September 25, 2007
TALLAHASSEE - Football programs and administrators throughout the ACC will be keeping a close eye on how Florida State handles the recent arrests of junior starting linebacker Geno Hayes and veteran fullback Joe Surratt.
Hayes and Surratt were arrested following a fracas outside a Tallahassee bar in the early morning hours of Sept. 21, during the Seminoles' open week on the schedule. Tallahassee police were forced to use a Taser to subdue Hayes, who had been involved in an altercation inside the establishment and refused to heed warnings from the police. Surratt, who was among a number of Seminoles reportedly on hand when the fracas broke out, was arrested after coming to the aid of Hayes despite police commands to back off.
Though neither Hayes nor Surratt was charged with a felony, FSU athletic director Dave Hart said both had been suspended from the team indefinitely. Hayes likely will miss the Seminoles' highly anticipated Sept. 29 game with Alabama at Jacksonville.
The team's second-leading tackler and most experienced linebacker, Hayes could be headed for a lengthy exodus from the squad, in part because he was charged earlier in the summer for driving with a suspended license. Surratt, a senior who was hoping to petition for a medical hardship after suffering a broken fibula in the preseason, also has been in the coaching staff's doghouse before.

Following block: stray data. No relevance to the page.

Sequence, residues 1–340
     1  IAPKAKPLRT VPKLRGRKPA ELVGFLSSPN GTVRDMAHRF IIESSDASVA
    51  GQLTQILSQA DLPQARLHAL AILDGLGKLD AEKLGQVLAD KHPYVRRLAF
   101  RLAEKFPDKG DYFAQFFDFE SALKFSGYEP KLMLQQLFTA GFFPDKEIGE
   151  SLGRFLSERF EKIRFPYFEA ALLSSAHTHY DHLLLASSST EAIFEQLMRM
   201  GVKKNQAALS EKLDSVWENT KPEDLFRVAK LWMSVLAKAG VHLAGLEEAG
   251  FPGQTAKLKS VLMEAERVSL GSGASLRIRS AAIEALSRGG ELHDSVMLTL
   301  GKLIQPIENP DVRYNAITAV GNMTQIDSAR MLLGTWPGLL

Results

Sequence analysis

How the Seminoles choose to handle the discipline of the two takes on a larger significance because they are the first players to run afoul of the law in a serious way since the arrival of five new assistant coaches, all of whom have placed greater demands on team discipline.
FSU coach Bobby Bowden has an opportunity to send a strong message regarding acceptable behavior within the program in what is shaping up to be something of a rebuilding season. Though Bowden has a long-standing reputation for offering second chances, by coming down hard on Hayes and Surratt he could establish a new standard in the autumn of his career, one that potentially could pay dividends just a year or two down the road.
NCAA ASKING BIG QUESTIONS
The forced resignation of a long-standing member of FSU's athletic academic support staff, for alleged improprieties involving athletes from multiple sports, may have landed the Seminoles in hot water with the NCAA.
According to a source familiar with the athletic academic support program, the NCAA spent time on the FSU campus interviewing student-athletes and employees in August and September during an investigation into an alleged academic scandal. The NCAA is expected to deliver its findings within the next few weeks.
"They are trying so hard to keep it quiet," said the source, who added that the deposed employee and those under her direction were responsible for taking at least one on-line exam for a student-athlete.
That athlete, who has not been identified, allegedly turned the school in to the NCAA in a moment of guilt. Rumors of further indiscretions, including providing answers to tests and writing papers for student-athletes, abound.
Florida State athletic department officials have refused to discuss the matter, with many hinting that they have been instructed by university president T.K. Wetherell to remain silent.